No legal advice privilege for non-lawyers

I like to bang on about employment law provision by non-lawyers, and the case of Howes v. Hinckley & Bosworth Borough Council [2008] UKEAT brings up a problem that will no doubt be raised again as the range of providers grows.

In a nutshell, unless your legal advice is coming from a qualified and practising barrister or solicitor, it is not subject to legal advice privilege. It can be subject to litigation privilege. The difference is that litigation privilege only attaches to advice given in contemplation of litigation. In this case, advice on how to respond to a grievance was held not to be contemplation of litigation. Hinckley & Bosworth were lucky here – their employment consultant happened to be a solicitor and still had a practising certificate. He could easily not have done, and it would seem the advice would have been discloseable.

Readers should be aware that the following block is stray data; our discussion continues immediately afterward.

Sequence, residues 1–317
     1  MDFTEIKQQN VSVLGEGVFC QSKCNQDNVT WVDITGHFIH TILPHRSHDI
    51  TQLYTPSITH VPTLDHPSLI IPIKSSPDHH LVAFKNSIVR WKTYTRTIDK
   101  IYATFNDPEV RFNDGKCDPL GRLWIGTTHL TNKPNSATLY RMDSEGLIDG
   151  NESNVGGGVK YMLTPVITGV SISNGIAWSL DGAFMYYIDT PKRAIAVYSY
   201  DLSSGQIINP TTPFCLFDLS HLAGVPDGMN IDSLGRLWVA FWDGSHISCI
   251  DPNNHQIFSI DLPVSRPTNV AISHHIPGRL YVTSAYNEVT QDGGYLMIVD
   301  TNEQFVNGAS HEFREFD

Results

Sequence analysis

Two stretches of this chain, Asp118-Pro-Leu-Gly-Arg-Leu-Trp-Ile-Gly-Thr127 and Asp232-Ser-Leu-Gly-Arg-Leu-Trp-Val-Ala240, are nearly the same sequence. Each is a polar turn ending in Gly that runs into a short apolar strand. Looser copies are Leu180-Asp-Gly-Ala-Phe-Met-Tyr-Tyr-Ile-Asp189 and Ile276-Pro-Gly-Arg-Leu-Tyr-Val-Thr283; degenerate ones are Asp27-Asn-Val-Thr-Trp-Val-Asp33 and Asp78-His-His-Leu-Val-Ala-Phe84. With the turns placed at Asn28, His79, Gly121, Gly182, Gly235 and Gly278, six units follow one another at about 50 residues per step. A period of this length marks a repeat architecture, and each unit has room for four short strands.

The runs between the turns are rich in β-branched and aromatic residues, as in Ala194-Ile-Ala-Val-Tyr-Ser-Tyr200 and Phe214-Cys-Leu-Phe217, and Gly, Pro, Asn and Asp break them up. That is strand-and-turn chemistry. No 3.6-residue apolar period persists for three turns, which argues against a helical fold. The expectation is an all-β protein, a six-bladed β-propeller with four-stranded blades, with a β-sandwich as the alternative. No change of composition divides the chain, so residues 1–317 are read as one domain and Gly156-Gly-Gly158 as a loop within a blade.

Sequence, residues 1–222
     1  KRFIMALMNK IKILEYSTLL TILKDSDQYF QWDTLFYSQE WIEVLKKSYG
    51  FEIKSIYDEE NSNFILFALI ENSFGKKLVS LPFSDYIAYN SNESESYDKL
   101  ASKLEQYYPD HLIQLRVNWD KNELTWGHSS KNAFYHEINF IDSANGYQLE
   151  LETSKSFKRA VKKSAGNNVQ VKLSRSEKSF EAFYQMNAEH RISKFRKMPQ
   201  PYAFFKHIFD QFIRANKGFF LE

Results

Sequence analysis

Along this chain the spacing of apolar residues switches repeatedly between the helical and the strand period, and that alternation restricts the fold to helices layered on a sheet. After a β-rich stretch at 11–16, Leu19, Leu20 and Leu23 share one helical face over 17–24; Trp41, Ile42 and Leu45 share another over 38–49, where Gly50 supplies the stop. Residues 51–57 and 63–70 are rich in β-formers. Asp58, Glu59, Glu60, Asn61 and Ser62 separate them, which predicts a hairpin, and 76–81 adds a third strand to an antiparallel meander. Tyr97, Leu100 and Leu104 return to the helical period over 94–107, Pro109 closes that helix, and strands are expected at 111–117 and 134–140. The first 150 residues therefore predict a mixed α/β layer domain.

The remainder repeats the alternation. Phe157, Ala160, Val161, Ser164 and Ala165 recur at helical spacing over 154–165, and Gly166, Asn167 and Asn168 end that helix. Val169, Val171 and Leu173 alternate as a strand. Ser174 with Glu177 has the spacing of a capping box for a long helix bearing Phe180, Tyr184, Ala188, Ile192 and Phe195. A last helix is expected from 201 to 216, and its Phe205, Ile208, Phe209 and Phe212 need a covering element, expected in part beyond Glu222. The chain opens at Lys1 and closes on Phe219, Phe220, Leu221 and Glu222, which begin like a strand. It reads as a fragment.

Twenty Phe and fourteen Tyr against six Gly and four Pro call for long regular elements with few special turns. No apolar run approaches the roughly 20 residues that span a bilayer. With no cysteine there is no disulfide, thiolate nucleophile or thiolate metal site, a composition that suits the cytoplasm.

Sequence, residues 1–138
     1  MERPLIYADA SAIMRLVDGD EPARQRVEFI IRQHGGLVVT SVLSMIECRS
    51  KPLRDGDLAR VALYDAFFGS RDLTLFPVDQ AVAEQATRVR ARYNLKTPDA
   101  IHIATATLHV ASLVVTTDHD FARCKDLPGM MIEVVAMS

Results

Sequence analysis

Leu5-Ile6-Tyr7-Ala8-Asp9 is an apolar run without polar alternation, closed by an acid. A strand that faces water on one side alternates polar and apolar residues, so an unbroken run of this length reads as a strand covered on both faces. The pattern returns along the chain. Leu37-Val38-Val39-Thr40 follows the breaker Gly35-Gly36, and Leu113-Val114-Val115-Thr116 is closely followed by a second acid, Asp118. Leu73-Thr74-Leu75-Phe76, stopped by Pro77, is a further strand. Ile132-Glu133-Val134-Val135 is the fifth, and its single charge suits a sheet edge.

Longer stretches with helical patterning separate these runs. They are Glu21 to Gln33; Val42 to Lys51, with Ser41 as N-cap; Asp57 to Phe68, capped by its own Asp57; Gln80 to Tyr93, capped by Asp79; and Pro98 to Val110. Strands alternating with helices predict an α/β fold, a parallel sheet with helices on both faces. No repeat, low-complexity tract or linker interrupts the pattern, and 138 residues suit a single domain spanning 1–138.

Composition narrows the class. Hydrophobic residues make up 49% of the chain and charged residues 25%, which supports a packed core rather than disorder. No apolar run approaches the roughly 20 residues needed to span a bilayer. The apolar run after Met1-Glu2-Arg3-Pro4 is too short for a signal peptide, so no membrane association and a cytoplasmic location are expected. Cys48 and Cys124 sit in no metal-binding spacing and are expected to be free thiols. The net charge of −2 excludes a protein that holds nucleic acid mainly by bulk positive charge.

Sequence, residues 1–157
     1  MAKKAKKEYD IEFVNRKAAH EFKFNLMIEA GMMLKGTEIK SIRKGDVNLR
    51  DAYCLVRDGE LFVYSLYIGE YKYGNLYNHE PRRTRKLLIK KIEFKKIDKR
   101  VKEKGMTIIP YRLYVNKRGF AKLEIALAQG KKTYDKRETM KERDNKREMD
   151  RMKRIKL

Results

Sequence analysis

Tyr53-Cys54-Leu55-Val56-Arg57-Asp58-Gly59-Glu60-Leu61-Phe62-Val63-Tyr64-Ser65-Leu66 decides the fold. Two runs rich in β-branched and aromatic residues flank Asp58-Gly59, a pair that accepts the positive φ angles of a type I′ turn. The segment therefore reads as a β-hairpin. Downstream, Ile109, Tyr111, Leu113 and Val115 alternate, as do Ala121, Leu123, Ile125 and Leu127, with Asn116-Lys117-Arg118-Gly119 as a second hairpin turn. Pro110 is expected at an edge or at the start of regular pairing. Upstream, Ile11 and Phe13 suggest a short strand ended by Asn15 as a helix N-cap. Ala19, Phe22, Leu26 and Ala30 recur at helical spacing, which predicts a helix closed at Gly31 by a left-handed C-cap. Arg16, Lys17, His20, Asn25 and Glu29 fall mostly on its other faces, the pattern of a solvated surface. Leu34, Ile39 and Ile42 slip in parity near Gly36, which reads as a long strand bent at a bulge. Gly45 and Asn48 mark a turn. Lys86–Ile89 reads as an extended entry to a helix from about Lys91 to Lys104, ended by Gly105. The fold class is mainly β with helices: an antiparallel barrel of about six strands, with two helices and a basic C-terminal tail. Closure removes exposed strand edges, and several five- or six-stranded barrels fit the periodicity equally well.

Hickley & Bosworth’s rather nice motto ‘Post Proelia Concordia’ – After the battle, harmony – must reflect the resultant atmosphere in their legal department.

Any ideas some might have that this is an insuperable block to new-style providers are probably ill-founded – given that the model of regulation will be along the lines of a qualified lawyer having supervision of legal services, I imagine this will likely be treated as the same as a firm of solicitors.

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